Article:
By Jack Karsten, PISA Staff Assistant
Geoengineering has grabbed headlines recently after a panel of scientists at the National Academy of Sciences called for more research into manmade responses to climate change. Environmental groups have opposed geoengineering as a solution for fear of unknown environmental impacts. However, if the world cannot reduce carbon emissions fast enough to curb rising global temperatures, then geoengineering purports to offer a quick solution. However, little is known about the effectiveness or long term impacts of proposed interventions, prompting the call for additional research. Questions of who would control the technology and who it would benefit also need to be addressed. While geoengineering does not replace current carbon reduction efforts, it could provide an important backstop if those efforts fall short of their objectives.
Carbon emissions are themselves a form of unintentional geoengineering. During the Industrial Revolution, harmful emissions occurred long before the greenhouse effect became a global concern. Increased understanding of the phenomenon has led some countries to reduce greenhouse gas emissions, but other countries are still increasing their emissions as they industrialize. China has used its ample coal reserves to satisfy its growing demand for electricity. Meanwhile, air quality in India’s capital, New Delhi, is the worst in the world due, in part, to the country’s lax emissions standards for coal power plants. Some emissions projections conclude that growing demand for fossil fuels will outpace carbon emissions reductions in the coming decades.
This stark possibility has elevated discussions about alternatives for combatting climate change. Prospective geoengineering projects approach the issue from one of two angles: carbon dioxide removal or limiting solar radiation. Carbon removal involves sucking carbon out of the air through biological processes like photosynthesis or manmade processes like carbon capture and sequestration (CCS). CCS is already in practice to scrub emissions at coal power plants, but these systems are expensive to install and maintain. Expanded efforts to plant trees and reduce deforestation represent a benign form of carbon capture. Reducing solar radiation is less expensive than carbon removal, but the results will be equally complex. Releasing reflective particles high in the atmosphere would reflect incoming heat away from the earth, counteracting the insulating effect of greenhouse gasses. Given the number of variables, any geoengineering solution is bound to be as complicated as the issue of climate change itself.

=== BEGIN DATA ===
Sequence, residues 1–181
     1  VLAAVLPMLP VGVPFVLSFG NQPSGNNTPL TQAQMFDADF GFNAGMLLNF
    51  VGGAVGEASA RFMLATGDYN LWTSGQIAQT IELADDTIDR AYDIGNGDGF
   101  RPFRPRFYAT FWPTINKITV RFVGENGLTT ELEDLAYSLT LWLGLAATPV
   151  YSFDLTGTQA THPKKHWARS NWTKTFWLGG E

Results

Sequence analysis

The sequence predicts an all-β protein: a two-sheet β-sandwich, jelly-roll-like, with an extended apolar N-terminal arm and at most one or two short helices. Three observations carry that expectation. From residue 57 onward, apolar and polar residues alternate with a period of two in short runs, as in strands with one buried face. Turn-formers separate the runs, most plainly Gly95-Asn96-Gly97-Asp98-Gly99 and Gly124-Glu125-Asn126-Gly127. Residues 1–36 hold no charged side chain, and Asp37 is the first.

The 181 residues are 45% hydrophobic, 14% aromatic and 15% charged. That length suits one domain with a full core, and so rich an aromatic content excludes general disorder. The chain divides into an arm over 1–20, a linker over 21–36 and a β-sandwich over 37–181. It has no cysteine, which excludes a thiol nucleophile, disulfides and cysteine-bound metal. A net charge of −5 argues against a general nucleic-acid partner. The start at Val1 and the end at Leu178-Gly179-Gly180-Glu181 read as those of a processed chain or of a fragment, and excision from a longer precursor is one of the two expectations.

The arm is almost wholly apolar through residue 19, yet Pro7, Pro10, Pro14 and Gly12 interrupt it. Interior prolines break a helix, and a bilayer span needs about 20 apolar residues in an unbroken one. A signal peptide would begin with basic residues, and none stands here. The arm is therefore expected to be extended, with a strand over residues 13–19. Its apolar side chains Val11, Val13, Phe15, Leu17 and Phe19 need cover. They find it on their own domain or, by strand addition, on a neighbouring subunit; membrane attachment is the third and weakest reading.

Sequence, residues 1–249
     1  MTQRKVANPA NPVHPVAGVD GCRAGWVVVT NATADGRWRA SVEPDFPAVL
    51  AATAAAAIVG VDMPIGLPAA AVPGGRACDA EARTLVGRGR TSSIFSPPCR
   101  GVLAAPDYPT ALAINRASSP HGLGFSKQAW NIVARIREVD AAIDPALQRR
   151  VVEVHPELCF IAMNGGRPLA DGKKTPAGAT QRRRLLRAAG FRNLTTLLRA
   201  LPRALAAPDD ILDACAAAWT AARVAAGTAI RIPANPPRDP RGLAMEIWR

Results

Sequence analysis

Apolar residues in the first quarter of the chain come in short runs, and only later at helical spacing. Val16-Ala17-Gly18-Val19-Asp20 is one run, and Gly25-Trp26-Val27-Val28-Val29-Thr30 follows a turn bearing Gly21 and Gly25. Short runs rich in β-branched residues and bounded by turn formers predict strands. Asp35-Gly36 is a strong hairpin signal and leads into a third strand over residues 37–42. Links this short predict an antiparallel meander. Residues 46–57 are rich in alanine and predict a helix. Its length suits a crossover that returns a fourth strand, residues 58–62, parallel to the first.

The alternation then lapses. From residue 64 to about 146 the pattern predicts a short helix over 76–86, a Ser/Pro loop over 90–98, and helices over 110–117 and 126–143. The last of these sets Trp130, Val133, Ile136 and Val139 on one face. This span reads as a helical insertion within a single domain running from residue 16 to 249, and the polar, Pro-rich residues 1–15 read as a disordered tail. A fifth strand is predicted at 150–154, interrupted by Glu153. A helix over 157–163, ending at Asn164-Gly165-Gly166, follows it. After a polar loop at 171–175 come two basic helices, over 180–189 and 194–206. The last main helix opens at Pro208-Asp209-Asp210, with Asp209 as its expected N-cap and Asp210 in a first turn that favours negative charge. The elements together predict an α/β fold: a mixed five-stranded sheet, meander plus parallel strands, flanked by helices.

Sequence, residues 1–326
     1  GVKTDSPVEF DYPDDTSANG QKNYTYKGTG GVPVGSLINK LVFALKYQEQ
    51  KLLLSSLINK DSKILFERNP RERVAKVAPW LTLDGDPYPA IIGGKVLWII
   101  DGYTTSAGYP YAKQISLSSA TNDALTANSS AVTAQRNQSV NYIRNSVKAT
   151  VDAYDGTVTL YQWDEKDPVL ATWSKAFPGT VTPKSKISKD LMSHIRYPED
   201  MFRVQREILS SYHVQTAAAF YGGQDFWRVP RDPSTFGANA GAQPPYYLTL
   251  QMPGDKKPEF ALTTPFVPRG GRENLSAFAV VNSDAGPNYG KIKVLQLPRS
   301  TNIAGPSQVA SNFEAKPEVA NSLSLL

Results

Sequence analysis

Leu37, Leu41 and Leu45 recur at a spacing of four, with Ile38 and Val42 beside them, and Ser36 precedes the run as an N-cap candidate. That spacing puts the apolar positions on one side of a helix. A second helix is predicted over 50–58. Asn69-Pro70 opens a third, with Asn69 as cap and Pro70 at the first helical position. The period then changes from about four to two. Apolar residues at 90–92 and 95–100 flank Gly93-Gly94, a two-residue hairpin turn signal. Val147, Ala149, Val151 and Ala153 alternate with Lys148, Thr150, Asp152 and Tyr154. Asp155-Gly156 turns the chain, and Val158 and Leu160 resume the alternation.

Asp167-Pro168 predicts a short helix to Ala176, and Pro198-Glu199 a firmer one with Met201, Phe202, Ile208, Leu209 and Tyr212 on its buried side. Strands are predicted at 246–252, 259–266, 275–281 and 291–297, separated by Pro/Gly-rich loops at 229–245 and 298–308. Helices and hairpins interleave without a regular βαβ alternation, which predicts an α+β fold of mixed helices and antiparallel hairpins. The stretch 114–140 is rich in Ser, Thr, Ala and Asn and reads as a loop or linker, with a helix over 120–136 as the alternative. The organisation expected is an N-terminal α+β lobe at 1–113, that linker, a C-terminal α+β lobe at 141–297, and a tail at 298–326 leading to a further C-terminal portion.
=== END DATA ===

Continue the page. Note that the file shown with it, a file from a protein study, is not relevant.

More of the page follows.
While climate scientists and environmentalists debate geoengineering’s merits, psychologists are discovering how it shapes the climate change discussion. Though views on human contributions to rising temperatures tend to fall along partisan lines, views on geoengineering meet closer to the middle. Specifically, climate change skeptics view climate intervention more favorably while climate change advocates view such intervention less favorably. Because individuals on both sides of the climate debate associate their views with their political identity, introducing a third option forces thinking outside of the ideological divide. Even if geoengineering fails to gain popular support, bringing opposed viewpoints closer together could enable a breakthrough in some of the current political gridlock.
In addition to recommending geoengineering research, the National Academy of Sciences report emphasizes that “there is no substitute for dramatic reductions in greenhouse gas emissions to mitigate the negative consequences of climate change”. Investigating alternatives to emissions reductions is not an admission of defeat in the fight against rising temperatures, but an expansion of scientific knowledge. For any research and development problem, pursuing many ideas in tandem enhances the probability of success. Combatting climate change will likely require a portfolio of solutions in which emissions reductions and geoengineering play a part.